SALT LAKE CITY -- In an effort to improve police transparency, Salt Lake City Mayor Ralph Becker has ordered that all Civilian Review Board reports be made public.
The review board investigates officer-involved shootings and complaints of excessive force, and, until now, their reports were considered protected documents.
“This is something that I’ve never been opposed to,” said Salt Lake City Police Chief Chris Burbank.
Last Friday, the mayor signed an executive order that directed the city to release the reports, with the exception of cases that may have “unusually sensitive privacy interests.” Given the public scrutiny of officer involved shootings in Utah and around the country, Burbank commended the decision.
“Open, transparent interaction is the reason that Salt Lake City, in my mind, has not had some of the problems that other places have had,” Burbank said.
The department has faced criticism for recent shootings, including one in August that killed Dillon Taylor, 20, in South Salt Lake.
“I think it’s a good decision moving forward,” said Gina Thayne, Dillon Taylor’s aunt, about the announcement.
Taylor was not armed when an officer shot him outside of a 7-Eleven. Both the Salt Lake County District Attorney’s Office and the review board found the officer justified, ruling he had a reason to fear for his life.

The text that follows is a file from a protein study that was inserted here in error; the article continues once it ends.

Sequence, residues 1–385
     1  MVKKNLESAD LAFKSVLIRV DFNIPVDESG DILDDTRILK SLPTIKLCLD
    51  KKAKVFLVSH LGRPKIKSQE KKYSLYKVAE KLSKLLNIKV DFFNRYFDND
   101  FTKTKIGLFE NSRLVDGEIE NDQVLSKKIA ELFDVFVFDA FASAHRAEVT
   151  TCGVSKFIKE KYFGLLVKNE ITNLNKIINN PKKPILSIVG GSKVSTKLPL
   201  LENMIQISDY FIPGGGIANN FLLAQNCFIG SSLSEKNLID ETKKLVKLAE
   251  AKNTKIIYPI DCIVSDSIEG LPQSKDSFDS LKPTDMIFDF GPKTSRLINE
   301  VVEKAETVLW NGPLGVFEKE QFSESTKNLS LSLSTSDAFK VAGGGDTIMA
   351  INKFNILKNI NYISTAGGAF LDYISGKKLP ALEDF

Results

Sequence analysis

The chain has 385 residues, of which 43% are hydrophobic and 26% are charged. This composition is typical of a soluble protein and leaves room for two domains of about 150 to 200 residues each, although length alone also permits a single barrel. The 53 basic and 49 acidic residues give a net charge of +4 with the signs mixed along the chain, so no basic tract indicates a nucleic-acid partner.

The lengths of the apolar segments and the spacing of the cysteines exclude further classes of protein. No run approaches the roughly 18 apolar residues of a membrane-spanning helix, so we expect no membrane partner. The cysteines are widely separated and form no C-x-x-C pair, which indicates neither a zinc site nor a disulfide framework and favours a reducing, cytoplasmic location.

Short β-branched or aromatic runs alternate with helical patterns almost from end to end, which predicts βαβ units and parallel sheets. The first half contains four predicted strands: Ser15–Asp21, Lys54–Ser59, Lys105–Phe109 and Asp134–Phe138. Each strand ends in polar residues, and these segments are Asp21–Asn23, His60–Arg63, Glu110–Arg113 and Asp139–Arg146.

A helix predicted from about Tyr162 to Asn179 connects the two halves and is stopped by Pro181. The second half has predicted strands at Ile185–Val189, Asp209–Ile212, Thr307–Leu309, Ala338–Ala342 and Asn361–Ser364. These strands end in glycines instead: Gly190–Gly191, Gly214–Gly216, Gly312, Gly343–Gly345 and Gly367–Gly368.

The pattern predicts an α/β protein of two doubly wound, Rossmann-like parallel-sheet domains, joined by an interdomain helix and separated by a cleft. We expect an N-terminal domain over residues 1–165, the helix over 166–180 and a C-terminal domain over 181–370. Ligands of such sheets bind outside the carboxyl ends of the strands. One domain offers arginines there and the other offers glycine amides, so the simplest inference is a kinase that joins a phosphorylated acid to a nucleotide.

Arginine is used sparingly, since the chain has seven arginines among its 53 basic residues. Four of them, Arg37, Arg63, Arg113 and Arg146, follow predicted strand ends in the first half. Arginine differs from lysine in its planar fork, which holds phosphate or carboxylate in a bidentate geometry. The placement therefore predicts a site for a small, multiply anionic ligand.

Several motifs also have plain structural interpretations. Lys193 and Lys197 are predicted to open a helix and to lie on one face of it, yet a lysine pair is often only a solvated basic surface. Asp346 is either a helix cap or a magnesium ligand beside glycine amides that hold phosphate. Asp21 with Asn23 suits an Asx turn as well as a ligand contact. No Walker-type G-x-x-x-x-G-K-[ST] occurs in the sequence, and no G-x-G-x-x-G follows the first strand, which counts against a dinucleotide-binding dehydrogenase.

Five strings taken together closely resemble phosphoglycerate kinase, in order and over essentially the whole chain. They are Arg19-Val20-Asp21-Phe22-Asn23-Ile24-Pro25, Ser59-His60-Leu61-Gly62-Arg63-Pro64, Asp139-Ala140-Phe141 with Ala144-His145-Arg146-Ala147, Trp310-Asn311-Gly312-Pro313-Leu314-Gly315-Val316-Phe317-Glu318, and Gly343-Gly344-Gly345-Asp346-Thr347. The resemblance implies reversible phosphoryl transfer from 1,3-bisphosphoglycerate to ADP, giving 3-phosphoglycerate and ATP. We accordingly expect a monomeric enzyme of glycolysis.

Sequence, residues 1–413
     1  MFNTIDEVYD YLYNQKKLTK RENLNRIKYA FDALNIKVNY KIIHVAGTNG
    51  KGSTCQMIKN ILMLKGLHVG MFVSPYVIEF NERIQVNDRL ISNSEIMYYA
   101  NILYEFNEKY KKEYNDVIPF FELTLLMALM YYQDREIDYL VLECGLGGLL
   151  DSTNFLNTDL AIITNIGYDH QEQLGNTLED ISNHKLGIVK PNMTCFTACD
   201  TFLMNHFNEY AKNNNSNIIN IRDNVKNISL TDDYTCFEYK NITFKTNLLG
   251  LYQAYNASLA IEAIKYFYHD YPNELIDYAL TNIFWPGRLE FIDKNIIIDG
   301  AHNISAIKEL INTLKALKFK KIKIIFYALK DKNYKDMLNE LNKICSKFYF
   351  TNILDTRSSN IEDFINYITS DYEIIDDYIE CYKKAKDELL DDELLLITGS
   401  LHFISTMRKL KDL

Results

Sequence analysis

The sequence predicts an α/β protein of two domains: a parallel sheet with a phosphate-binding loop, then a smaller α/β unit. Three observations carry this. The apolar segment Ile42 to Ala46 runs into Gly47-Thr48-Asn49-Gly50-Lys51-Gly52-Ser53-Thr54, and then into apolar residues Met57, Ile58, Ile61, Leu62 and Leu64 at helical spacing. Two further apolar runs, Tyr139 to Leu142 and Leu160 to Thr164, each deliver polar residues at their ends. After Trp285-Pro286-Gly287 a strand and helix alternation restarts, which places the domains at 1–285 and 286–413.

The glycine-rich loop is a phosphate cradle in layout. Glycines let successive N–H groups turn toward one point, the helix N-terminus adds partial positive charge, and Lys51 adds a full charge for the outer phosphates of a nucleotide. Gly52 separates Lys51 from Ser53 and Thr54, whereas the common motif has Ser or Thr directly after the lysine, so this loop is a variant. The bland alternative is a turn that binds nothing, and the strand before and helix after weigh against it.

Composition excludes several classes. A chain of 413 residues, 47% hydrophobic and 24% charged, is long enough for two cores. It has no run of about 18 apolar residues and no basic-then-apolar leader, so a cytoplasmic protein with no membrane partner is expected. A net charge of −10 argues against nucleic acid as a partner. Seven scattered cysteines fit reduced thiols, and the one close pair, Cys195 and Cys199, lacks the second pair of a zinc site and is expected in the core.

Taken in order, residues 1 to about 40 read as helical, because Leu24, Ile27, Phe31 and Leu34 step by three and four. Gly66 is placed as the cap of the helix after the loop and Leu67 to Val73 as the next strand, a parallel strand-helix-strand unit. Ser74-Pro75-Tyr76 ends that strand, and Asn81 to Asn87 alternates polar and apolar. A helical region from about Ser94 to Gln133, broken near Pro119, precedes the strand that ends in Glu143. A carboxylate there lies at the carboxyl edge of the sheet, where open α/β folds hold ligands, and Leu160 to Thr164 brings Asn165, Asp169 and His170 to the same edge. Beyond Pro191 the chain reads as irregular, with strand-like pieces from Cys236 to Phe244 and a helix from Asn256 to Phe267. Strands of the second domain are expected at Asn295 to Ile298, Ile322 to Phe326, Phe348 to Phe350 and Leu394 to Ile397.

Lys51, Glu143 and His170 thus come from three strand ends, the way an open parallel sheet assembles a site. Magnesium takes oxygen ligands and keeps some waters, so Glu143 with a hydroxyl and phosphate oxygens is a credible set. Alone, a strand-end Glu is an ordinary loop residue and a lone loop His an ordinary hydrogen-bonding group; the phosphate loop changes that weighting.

“It’s not going to help Dillon’s case; they’ve already made their decision,” Thayne said. “But I do think that in the future that people are going to be more aware. And I think having someone on the outside look at these things, yeah I do, I think it will make a big difference.”
While previous requests for review reports had been denied under stringent GRAMA language, the city felt it was time to reevaluate the policy.
“It’s recognition of ongoing discussions of use of force issues, both locally and at the national level,” City Spokesman Art Raymond said.
The review board is made up of local residents from each city council district. Any ruling they make is then sent to the city’s police chief for consideration. The chief is not required to take any disciplinary action.
“We do a good job,” Burbank said. “We don’t have anything to protect or to hide, as far as that’s concerned.”
The report regarding Dillon Taylor is available below.